Archive for June, 2011

what is a body?

June 2, 2011

Mais, non. The question, in fact, is what is a corpse? Because a corpse is everything that we all shall inevitably, and unavoidably, be. Our bodies are a transitory home to a finite consciousness. Everything we think and express will be expressed during this period of bodily consciousness; and everything we think and don’t express, well, that is lost to the finality of death.

You walk along the street, you see the roadkill remains of a blackbird. What are those remains – they are the essence of blackbird. The blackbird exists only as it is perceived in its bodily form – there is nothing beyond the form that suggests it is a blackbird. If consciousness could survive annihilation then its very formlessness, the shapelessness in which our thoughts and ideas must exist, would transcend the idea of taxonomic definition. Thus, anything that exists of blackbird after the corporeal demise of blackbird is no longer blackbird: it must be abstract spirit. But this does not exist. Abstract spirit is an impossibility – our spirit is the individual, unique result of the machinations of our living consciousness, as defined by individual and unique experience. But our own individuality only lasts so long as we can comprehend it, once we fail to distinguish ourselves from the fleshly heap of bodies that is the deceased, then we lose our individuality and we return to this pre-conscious state of non-existence, or at least of non-comprehension (by which point existence is impossible, anyway: if you are incapable of comprehending, you are incapable of existing because an existence defines itself as a conscious separated from the mass of life that is the Other, and not the colonial Other, but the Other that is everything outside our ego and our id, the temporary essence that sustains our bodily selves and that we must assume sustains all other bodies – because what arrogance! to suggest that our bodies are the only bodies aware of their limited, reductive bodiliness).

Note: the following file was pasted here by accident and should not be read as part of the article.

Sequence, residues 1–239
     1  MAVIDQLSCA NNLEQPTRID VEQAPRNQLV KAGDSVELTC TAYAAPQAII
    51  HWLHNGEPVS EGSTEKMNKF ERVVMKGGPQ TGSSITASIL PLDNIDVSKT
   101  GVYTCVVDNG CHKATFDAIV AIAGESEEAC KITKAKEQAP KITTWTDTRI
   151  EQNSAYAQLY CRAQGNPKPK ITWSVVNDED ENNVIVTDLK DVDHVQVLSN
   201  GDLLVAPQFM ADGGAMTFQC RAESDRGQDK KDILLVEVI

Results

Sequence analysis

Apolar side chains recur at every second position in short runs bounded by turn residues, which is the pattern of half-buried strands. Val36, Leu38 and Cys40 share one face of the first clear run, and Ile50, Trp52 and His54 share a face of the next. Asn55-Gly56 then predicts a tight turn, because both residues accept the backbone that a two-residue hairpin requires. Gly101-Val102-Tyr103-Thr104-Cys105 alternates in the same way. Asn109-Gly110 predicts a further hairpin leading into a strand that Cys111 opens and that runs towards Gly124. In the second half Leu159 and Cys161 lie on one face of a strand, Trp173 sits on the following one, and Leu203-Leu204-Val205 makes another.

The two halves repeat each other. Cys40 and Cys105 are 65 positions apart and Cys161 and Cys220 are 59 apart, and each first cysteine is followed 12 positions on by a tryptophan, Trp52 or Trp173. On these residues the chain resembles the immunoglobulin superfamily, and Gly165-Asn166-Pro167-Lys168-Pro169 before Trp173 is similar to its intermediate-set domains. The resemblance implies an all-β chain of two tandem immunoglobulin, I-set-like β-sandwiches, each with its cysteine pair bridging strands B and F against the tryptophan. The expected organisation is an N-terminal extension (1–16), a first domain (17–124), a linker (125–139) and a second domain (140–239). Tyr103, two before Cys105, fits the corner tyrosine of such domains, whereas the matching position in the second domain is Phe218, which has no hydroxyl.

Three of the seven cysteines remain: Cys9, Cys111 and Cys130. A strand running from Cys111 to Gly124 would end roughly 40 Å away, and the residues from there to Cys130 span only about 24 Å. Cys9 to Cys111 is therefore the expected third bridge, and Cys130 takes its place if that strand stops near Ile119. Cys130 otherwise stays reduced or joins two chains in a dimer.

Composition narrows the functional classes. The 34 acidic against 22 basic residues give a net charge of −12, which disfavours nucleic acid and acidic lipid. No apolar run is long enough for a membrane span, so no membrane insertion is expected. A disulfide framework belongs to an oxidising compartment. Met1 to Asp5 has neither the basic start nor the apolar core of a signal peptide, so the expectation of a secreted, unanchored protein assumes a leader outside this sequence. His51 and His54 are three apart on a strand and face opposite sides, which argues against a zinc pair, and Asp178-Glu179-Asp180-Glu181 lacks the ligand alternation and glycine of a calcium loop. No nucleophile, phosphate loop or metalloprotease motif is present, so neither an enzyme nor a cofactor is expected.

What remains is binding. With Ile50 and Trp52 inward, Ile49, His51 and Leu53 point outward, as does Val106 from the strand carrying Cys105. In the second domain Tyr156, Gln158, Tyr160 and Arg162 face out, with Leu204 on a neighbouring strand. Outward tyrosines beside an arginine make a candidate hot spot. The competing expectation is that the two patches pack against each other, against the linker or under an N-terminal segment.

Was the ego once part of a universal whole, as Freud states it could have been? Perhaps. But only before it is capable of defining itself as an individual – which is perhaps the state at which our consciousness exists as an infant, before self-cognizance presented itself to our developing minds. But, we can only remember as far back as cognizance allows – we cannot talk of a point in which we were unable to distinguish our selves from the external world – and what use is it of hypothesising on a state of being that nobody remembers (because it predates the very concept of being able to remember) but that we all must have experienced, and that may very well be uterine (are we an individual when we are born? who can say conclusively – nobody, it is impossible).

So, the blackbird can only be defined by its body. The tiger only exists as it is seen as a physical form. We cannot imagine that a blackbird exists in any other form except that of the form of the blackbird. The tiger also cannot be a ‘spirit’, tiger must be a form. So what of the human? The human must also simply be a form – a taxonomic clarification. Just as we cannot perceive of blackbird in any other form than blackbird, so we must assume that blackbird cannot perceive of human in any other form than the human form itself. If a ‘human spirit’ is translocated into the body of a tiger, it must be a tiger, there is nothing to suggest that any self-consciousness (that we pride ourselves on possessing which elevates us from the animal kingdom) would remain. Of course, the suggestion that a blackbird can comprehend the human in the same way that a human can comprehend a blackbird is absurd – the mental capacities are so vastly incompatible. But just because our consciousness is so far advanced that we can self-analyse, as the blackbird cannot, does not mean that our consciousness can survive in any meaningful way beyond the death of our bodies.